When we shift from the mind-centered experience to one where we start to feel our bodies and our wholeness, it is not at all uncommon to o be centered is to be fully in the body, fully in the moment. “Center is a basic bodily presence,” writes bodyworker and psychotherapist Richard Strozzi Heckler, “and it is on this presence that the other bodily states are built. It is a bodily and energetic base camp.”4
The hara is a place of action where we manifest desire or thought, but it is also a place of stillness and depth, simply being with what is. It contains both these masculine (yang) and feminine (yin) aspects. From the belly, we move with confidence. Our body wisdom guides us. There is no need to think about what to do or to comprehend what is to be done. We just do it — awake, moment by moment. Action executes itself, with no doer to get in the way. “Doing” arises from the fertile ground of being and the emptiness of no thought. The power of the feminine aspect is to simply hold space, to be, to not do. Without the judgmental mind to intervene, the feminine aspect of hara accepts how things are, not wanting them to be different, not interfering to fix or change them. Aikido master Wendy Palmer points out that it “takes training, courage and concentration to stay right in the middle of the present unfolding moment. Instead, what frequently occurs is that we try to take back control of the situation and shift our attention into the future.”5 Cultivation of the hara develops the depth to include and integrate both the mastery of the masculine and the mystery of the feminine in the embodied “now.”
The founder of aikido, Morihei Uyeshiba, when asked if he ever lost his balance, responded, “Yes, all the time, but I regain it so fast that you do not see me lose it.”6
Working from Hara
“A strong hara confers not only physical stamina, but also the ability to sense and transmit ki,”7 says Shiatsu practitioner and author Carola Beresford-Cooke. She goes on to suggest one of the best ways to increase the energetic abilities of any part of the body is by simply bringing attention there, since awareness is a form of energy. Where thought goes, energy will follow.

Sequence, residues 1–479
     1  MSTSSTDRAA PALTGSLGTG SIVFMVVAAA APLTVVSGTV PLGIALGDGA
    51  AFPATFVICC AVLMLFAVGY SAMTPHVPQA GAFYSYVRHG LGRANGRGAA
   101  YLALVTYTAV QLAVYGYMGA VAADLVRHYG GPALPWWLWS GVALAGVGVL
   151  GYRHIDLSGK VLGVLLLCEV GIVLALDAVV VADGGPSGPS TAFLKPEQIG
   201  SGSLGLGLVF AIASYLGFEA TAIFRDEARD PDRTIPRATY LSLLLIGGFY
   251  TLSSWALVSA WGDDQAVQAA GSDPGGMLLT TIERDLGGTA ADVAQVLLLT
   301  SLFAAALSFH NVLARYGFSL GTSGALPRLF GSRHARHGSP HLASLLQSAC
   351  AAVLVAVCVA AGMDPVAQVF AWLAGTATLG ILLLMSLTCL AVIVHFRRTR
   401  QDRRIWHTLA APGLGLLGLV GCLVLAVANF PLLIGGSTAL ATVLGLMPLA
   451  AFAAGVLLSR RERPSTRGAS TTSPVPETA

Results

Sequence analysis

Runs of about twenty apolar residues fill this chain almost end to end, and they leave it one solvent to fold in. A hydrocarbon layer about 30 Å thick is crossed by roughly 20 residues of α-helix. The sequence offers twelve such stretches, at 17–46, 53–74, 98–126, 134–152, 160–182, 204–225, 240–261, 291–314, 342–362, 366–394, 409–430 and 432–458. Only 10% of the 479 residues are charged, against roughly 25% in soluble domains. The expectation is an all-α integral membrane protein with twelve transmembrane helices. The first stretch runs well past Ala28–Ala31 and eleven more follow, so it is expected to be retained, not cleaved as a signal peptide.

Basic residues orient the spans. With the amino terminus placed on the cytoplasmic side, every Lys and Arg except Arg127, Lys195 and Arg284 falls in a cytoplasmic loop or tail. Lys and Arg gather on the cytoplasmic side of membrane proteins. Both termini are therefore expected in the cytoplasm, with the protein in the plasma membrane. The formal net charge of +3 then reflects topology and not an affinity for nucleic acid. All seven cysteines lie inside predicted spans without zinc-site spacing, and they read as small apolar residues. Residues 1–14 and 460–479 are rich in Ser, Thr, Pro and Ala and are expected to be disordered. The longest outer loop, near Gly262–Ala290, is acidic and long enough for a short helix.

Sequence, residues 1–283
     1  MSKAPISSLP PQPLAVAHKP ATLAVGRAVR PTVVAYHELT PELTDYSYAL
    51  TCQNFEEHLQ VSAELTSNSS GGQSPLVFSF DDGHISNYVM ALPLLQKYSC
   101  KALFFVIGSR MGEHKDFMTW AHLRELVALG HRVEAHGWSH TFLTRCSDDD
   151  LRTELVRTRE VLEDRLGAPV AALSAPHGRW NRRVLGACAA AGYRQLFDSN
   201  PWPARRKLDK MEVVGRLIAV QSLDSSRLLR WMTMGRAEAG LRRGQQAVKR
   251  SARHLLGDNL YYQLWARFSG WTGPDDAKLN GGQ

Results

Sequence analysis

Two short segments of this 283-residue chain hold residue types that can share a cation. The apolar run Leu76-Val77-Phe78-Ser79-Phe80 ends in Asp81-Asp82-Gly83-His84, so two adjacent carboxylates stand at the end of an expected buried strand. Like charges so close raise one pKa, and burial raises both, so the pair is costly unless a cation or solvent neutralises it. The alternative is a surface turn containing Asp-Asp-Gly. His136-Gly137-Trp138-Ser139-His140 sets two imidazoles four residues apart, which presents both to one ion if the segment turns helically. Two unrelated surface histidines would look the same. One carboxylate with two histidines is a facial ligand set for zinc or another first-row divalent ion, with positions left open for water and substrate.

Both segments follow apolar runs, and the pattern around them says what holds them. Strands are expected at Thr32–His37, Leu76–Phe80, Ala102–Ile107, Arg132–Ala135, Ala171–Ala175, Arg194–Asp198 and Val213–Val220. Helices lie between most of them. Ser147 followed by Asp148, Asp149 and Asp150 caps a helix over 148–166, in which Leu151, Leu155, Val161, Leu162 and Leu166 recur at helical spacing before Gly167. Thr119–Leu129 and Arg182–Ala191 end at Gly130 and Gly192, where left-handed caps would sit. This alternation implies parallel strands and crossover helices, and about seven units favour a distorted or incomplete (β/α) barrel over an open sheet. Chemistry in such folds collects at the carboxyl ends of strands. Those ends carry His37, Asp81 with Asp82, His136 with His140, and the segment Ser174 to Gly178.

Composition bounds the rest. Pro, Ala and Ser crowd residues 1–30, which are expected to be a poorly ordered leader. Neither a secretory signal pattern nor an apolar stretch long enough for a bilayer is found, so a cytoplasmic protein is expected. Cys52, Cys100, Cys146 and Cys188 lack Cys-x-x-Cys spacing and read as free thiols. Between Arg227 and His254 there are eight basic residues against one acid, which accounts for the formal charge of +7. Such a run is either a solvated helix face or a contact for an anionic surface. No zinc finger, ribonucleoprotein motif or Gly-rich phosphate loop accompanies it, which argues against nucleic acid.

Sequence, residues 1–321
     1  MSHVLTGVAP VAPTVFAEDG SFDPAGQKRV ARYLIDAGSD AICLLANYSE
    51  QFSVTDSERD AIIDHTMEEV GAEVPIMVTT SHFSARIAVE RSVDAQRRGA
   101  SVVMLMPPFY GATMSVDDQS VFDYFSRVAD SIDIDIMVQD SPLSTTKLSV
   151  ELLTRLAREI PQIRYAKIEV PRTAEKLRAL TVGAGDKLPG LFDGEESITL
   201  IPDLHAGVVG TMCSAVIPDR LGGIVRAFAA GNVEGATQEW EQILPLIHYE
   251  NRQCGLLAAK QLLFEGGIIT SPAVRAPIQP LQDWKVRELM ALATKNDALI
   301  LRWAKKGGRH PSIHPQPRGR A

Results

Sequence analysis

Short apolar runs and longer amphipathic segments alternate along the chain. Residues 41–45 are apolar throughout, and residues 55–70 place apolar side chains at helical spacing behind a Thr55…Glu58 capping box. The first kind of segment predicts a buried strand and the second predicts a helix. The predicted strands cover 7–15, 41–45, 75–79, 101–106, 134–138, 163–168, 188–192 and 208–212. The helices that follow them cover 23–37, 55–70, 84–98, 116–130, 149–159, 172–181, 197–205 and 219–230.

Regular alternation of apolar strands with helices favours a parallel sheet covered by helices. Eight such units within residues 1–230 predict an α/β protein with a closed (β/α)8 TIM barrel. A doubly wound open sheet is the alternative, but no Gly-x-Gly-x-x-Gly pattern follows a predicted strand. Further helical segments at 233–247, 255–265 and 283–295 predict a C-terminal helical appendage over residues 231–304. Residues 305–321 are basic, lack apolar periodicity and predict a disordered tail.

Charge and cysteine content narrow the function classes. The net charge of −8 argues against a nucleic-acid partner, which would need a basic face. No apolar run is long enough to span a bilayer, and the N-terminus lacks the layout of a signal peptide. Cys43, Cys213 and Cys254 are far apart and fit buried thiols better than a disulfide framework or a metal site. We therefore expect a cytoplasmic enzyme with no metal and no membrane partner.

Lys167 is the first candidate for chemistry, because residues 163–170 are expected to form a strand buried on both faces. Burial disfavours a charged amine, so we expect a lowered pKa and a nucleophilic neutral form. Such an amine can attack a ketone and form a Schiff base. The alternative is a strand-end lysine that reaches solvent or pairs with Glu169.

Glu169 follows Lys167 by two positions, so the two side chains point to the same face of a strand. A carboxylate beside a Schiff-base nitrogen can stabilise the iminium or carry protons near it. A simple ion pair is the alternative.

Working from the hara, leaning rather than pushing, ensures maximum longevity and vitality for the practitioner, as minimal energy is being expended and there is no application of force. Rather, the practitioner will often find an enhanced sense of vitality and aliveness after working in this way. At the same time, recipients will experience the safety and security to surrender to your deeply penetrating, but non-invasive contact. Your own openness and clarity will invite their body to openness and clarity.
The hara-based principles listed below are intended for floor-based bodywork, such as Shiatsu, Thai massage or Insight Bodywork, but certainly are applicable to table work as well.
– Be Attentive to Feeling. Feeling is always in the present. Thoughts, memories, comparisons and judgments take you out of the body and out of the moment. Stay with what you feel. Register the breath, register the feeling of weight, notice sensations as they arise. Maintain deep, natural breathing. Grounded in your own experience, awareness can expand to include the client, or other stimuli, without losing your center.
– Relax — Be Comfortable. It is essential to be relaxed and comfortable. If you are tense, your energy is not flowing and you are not going to be of help to your client, or yourself. Take the time to find a comfortable posture. Tension and relaxation are both contagious.